Her first Broadway starring role was as Rosie in Bye Bye Birdie [1960], which co-starred Dick Van Dyke. But it was three years before she was back on Broadway, when choreographer Peter Gennaro hand-picked her to appear opposite Herschel Bernardi and Nancy Dussault in Bajour [1964], where as Anyanka she was featured doing some spectacular dancing alongside "this brilliant kid Michael Bennett," who was just beginning to branch out into choreography.

    In 1968, she headed West. By that time Chita was a tried and true New Yorker, and, she says, "Let's face it, L.A. is not New York. It doesn't have New York's pace or energy and I was very much homesick." While out there, however, Rivera did some fancy footwork as Nickie opposite Shirley MacLaine [and McMartin] in the film version of Cy Coleman and Dorothy Field's Sweet Charity [1969], which she had previously toured in as Charity for a year.

    From 1973 to 1974, she appeared with Van Dyke and Hope Lange on The New Dick Van Dyke Show. "I was Dick's neighbor. It was a great opportunity, but I didn't have a lot to do. On one show I was to come in loaded with groceries and find Dick all doped up after being at the dentist. I was to try to rouse him.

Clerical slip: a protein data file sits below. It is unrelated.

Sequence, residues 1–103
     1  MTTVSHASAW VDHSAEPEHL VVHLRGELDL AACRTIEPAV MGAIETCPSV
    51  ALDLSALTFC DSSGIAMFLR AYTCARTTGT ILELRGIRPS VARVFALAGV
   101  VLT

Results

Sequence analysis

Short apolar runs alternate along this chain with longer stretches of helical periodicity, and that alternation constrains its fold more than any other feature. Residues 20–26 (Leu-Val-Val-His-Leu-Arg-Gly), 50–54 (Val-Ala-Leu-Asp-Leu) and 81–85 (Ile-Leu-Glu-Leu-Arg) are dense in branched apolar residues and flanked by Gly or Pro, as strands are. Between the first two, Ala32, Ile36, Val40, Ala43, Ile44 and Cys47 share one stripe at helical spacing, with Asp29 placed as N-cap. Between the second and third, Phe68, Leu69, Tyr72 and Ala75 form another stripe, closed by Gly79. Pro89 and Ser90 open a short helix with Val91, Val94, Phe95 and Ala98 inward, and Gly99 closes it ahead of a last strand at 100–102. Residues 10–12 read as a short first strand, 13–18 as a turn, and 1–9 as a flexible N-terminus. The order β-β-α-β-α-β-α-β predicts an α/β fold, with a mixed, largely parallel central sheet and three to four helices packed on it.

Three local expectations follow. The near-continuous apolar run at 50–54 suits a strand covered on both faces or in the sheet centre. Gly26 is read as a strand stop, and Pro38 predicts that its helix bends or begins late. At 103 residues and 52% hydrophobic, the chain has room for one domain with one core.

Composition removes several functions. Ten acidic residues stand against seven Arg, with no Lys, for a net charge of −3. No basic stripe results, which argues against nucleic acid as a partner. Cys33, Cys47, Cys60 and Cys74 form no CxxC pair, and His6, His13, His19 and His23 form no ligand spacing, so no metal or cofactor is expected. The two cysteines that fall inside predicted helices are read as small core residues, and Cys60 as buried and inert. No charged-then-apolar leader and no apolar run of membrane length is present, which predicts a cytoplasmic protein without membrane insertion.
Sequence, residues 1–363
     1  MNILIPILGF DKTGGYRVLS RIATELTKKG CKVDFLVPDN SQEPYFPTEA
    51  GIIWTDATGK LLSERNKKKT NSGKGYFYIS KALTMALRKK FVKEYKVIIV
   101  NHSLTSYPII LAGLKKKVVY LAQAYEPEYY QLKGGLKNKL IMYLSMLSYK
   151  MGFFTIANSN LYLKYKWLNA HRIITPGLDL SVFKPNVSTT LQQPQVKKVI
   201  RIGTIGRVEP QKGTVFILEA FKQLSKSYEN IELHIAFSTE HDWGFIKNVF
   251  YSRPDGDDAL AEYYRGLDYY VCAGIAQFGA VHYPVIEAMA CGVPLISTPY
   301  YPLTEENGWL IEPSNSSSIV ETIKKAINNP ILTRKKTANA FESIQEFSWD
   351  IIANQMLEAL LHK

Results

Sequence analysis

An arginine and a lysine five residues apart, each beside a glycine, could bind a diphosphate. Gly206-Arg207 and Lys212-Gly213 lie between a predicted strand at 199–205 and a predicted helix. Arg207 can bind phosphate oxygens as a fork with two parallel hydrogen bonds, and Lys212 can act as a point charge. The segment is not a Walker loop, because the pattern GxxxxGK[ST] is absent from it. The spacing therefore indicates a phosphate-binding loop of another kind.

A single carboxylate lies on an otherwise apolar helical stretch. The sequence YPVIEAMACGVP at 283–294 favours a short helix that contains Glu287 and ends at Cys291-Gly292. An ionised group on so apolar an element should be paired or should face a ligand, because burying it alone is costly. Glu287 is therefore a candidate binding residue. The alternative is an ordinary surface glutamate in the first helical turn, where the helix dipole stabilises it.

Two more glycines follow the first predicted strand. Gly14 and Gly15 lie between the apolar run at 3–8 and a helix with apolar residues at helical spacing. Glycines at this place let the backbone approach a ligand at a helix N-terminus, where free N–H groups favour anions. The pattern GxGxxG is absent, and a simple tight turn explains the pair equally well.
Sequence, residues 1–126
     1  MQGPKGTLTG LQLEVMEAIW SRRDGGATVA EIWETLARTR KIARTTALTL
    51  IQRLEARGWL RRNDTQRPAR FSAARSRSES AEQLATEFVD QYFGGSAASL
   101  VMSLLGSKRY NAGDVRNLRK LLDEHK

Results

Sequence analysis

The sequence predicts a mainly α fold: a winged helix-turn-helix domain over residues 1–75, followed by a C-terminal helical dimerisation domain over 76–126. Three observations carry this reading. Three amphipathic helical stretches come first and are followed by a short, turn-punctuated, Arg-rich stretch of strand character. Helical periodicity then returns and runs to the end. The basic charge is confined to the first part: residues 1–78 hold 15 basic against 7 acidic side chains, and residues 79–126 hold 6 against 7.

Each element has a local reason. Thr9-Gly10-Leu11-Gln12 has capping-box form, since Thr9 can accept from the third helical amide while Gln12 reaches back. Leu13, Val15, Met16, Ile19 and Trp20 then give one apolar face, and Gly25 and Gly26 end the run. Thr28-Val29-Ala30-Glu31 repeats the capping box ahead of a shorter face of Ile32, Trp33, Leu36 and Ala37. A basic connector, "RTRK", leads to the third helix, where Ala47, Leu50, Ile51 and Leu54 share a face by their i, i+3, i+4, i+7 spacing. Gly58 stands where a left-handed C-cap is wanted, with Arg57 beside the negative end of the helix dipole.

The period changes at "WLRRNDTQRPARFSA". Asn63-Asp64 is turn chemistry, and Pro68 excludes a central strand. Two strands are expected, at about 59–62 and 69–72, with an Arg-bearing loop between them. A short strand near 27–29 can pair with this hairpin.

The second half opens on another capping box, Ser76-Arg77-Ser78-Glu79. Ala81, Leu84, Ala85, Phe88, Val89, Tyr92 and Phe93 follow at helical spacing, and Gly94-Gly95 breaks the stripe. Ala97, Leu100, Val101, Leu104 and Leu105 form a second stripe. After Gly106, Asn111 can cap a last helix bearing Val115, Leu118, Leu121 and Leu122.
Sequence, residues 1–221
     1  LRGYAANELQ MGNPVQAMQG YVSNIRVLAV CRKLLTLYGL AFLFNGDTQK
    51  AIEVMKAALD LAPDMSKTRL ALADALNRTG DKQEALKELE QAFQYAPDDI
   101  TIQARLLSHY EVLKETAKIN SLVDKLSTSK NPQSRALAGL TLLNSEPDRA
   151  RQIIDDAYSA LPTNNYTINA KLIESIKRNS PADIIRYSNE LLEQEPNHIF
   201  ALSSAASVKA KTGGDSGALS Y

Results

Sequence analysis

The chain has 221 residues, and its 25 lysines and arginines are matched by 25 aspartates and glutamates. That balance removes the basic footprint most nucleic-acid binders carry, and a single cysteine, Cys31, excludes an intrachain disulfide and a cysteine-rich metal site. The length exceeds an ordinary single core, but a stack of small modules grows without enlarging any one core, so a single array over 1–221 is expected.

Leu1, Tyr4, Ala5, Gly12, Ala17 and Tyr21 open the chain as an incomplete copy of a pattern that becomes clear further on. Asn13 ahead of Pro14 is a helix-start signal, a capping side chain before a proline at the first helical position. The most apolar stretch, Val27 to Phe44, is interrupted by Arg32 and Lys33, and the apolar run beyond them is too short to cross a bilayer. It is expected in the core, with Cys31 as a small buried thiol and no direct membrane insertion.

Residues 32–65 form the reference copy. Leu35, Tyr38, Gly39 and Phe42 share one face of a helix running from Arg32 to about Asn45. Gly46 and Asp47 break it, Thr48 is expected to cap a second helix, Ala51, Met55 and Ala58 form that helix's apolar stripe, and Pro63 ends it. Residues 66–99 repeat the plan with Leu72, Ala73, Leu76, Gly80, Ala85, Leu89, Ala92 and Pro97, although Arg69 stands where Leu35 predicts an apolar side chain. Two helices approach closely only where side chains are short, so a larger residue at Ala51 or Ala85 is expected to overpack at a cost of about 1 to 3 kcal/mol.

"My lines," she continues, "were, 'Dick. Dick? Dick!' I knew I had to make the most of it, so I really rehearsed ways to have the most impact. 'Dick!! Dick?? DICK!' We did it and I immediately felt it was time to throw in the towel. Done in by three Dicks, I headed back to New York."

    In 1975, as jealous jail-house rival Velma Kelly, Rivera and Gwen Verdon, as the infamous Roxie Hart, created the razzle-dazzle for Bob Fosse and Kander & Ebb's Chicago; and Rivera has a cameo in the Oscar-winning film adaptation.

    After stumbling through a very short-lived 1981 Birdie sequel ["Donald O'Connor and I tried valiantly to bring him back, but hard as we tried, we couldn't do it!"], Chita was back on Broadway as the Queen in Elmer Bernstein/Don Black's 1983 Merlin, which co-starred Nathan Lane and, lackluster though it was, managed a six-month run mainly due to Doug Henning's magic.


    In 1984, she received major recognition playing Liza Minelli's free-spirited mom, Anna, in Kander & Ebb's The Rink, which through its trials and tribulations managed six months on Broadway [Jason Alexander was featured]. A year and a half later, she was co-headling with Dorothy Loudon and Leslie Uggams in the Jerry Herman revue Jerry's Girls.

    In her 50-year career, Rivera's never been a dreamer. "There's nothing easy about show business," she says. "In fact, it's so seldom that the good guy wins." She, of course, is one of the exceptions.